Objective. To estimate the increased use and the prevalence of methylphenidate (Ritalin) treatment of youth with attention deficit disorder (ADD) during the 1990s.

Design. Using time-trend findings from two large population-based data sources, three pharmaceutical databases, and one physician audit, a best-fit estimate of the usage and the usage trends for methylphenidate treatment over the half decade from 1990 through 1995 was sought.

Setting. Five regions in the United States (US) and the nation as a whole.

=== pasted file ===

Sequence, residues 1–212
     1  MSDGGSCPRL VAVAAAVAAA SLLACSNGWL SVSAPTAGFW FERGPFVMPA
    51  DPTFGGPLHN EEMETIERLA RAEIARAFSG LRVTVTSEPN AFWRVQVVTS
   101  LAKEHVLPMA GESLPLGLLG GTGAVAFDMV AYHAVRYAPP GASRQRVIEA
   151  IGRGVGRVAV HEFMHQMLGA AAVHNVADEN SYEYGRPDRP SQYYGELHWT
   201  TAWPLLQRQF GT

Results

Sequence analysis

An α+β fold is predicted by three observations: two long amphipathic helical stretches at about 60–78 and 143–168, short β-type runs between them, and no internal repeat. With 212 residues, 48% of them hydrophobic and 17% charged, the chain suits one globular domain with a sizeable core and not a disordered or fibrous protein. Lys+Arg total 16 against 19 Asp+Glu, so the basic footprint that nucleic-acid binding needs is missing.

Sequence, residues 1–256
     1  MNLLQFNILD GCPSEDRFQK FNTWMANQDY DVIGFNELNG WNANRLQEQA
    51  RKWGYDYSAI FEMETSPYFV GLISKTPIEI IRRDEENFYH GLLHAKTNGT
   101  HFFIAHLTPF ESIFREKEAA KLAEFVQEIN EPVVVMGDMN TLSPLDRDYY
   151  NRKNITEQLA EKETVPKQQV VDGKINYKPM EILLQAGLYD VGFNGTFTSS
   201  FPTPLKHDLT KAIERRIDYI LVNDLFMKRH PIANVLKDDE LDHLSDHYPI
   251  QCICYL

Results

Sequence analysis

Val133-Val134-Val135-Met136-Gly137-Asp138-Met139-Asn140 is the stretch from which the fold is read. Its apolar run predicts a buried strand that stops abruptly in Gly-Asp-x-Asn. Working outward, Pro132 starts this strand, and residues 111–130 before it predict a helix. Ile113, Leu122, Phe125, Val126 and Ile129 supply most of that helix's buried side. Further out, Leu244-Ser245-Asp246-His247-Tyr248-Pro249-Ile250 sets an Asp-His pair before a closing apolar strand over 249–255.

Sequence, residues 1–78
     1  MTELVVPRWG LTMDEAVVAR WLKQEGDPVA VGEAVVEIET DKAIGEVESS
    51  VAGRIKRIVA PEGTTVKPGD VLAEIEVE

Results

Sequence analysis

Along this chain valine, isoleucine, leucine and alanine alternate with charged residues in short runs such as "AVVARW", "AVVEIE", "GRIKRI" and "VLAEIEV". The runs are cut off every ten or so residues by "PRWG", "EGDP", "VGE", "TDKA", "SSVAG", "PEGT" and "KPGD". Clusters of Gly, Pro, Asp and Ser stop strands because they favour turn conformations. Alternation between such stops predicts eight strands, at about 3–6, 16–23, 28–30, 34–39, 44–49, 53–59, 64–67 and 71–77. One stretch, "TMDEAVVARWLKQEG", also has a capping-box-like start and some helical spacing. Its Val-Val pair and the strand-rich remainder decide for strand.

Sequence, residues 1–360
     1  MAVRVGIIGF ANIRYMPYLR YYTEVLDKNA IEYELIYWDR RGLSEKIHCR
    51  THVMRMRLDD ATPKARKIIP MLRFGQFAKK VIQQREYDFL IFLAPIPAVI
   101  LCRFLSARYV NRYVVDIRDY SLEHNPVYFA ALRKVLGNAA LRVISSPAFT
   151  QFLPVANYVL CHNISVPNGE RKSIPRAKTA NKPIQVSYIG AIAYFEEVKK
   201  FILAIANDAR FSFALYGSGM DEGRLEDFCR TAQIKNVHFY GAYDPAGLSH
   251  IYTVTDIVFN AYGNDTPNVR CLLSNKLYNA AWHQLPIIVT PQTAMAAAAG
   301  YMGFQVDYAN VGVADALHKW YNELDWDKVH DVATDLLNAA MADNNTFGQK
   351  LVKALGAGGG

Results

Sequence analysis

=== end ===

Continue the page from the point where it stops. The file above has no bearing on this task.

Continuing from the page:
Patients. Youths on record as receiving methylphenidate for ADD.

Results. The findings from regional and national databases indicate that on average, there has been a 2.5-fold increase in the prevalence of methylphenidate treatment of youths with ADD between 1990 and 1995. In all, approximately 2.8% (or 1.5 million) of US youths aged 5 to 18 were receiving this medication in mid-1995. The increase in methylphenidate treatment for ADD appears largely related to an increased duration of treatment; more girls, adolescents, and inattentive youths on the medication; and a recently improved public image of this medication treatment.

Conclusion. The database findings presented serve to correct exaggerated media claims of a 6-fold expansion of methylphenidate treatment, although they do not clarify the issue of the appropriateness of this treatment.

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